Was London your place of birth?
Yeah, but I moved to Barbados when I was six and came back when I was 16.

How did that inform your music education?
I started playing music there. It was not typical of the kind of musical education that you get in England, in that there weren’t that many parameters attached to what you could or should do. You could study classically and still play jazz or calypso or reggae music. You weren’t typecast as one type of musician.

One of the ‘Queens’ on the album is Ada Eastman, who is your great grandmother. Did you ever know her personally?
Yeah, she lived to 103. It’s a homage to her. It’s the same for writing about all these women. I was trying to look at the qualities that these women espoused, that we should be trying to revere, that we should be trying to think about. What the concept of leadership is. What we are supposed to see in our leaders, to look up to and receive guidance from. For me on the greatest forms of inspiration that came from my great grandmother is the fact you can persevere through life, that you can make your situation better than the generation before.

The album title and sleeve notes refer to the British monarchy and how it does not represent black immigrants, There is a quote, “Your queen is not our queen. She does not see us as human”.
The title refers to influential black women throughout history. But there are lots of different elements. Your Queen is not our queen is part of the overall concept.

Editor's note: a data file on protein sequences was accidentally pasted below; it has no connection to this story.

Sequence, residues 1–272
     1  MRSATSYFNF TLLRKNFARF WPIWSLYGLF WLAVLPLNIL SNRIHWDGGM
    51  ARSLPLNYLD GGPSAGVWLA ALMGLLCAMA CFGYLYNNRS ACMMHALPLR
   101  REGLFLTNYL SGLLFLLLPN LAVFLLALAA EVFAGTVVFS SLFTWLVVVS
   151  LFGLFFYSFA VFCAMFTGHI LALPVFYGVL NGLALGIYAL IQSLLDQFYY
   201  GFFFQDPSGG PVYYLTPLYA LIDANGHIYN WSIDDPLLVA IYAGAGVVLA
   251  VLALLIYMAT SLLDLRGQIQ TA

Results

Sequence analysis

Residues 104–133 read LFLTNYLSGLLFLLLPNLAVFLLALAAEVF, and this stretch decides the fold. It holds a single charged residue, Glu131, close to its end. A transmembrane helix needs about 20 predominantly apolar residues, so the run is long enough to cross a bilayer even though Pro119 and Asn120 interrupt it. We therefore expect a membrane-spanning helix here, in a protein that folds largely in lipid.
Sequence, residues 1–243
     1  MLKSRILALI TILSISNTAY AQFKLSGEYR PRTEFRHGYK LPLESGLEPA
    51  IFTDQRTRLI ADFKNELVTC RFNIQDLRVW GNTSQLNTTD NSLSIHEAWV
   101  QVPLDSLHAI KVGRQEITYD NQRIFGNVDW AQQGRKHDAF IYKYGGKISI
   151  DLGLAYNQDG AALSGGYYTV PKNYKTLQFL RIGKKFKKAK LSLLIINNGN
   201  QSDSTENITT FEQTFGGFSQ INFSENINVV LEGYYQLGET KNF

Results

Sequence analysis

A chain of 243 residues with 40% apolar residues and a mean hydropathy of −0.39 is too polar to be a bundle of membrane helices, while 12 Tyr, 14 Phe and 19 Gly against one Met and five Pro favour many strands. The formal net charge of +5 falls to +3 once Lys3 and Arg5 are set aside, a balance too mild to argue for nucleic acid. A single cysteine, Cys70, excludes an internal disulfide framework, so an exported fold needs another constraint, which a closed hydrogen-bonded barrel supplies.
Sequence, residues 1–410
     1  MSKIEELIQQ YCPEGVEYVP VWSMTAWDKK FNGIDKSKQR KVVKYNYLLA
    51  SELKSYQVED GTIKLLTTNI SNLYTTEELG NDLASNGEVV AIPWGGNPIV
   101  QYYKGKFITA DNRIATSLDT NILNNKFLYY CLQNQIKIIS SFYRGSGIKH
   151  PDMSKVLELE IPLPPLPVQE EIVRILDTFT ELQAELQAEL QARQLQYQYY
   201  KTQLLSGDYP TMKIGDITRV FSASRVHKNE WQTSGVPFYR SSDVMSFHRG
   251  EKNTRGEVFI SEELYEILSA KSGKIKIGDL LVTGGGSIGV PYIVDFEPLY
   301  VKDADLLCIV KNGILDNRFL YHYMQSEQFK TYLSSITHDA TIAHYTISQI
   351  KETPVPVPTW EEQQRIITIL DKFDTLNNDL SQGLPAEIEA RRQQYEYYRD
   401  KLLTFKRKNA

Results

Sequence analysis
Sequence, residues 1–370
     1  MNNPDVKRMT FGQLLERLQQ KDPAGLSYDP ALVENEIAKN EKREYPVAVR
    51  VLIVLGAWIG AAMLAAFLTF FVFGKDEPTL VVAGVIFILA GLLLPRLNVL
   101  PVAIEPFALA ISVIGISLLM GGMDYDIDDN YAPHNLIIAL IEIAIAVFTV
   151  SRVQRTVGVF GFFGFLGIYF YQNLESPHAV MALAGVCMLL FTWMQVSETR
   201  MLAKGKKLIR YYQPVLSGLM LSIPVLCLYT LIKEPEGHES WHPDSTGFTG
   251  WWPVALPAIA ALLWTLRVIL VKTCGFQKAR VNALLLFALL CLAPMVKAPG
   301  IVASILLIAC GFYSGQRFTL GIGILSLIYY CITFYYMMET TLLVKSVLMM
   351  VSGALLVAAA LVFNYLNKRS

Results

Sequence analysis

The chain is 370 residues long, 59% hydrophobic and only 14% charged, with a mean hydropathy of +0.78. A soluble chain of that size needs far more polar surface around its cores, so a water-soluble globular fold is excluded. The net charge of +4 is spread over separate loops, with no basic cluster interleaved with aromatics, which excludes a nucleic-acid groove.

Can you tell us about Harriet Tubman, one of the Queens?
Harriet Tubman was a slave that was freed and decided to form what was called the Underground Railroad, which was a means of transporting slaves from the south of America to the north. I decided to write the tune about her to think about what it means to serve one’s community, after having attained one’s freedom. What do you do after that? Do you bask in that freedom or do you try and change the lives of the people that are still receiving the blunt end of oppression.

And Albertina Sisulu?
She was a member of the ANC, the political part of the fight against Apartheid, and was one of the lesser known figures, who helped to hold the nation together when many of the men freedom fighters were imprisoned.

And Mamie Phipps Clark?
She was one of the founding people who did research into the harmful effects of segregation when it was a part of US law, when it was seen as something necessary for the fabric of society. She actually researched this and decided it was not a natural occurrence, and that it is detrimental to the lives of black people in America. And partly because of her research the US Supreme Court deemed segregation illegal.

How does a Sons of Kemet song come about?
Normally I write music within a period of thinking about a certain conceptual idea. I don’t think it’s appropriate to write music directly based on that concept. I’ll write music within the same time period of thinking about certain ideas, and once the music is written I’ll attach them to whatever ideas I think is applicable.

Jeff Hemmings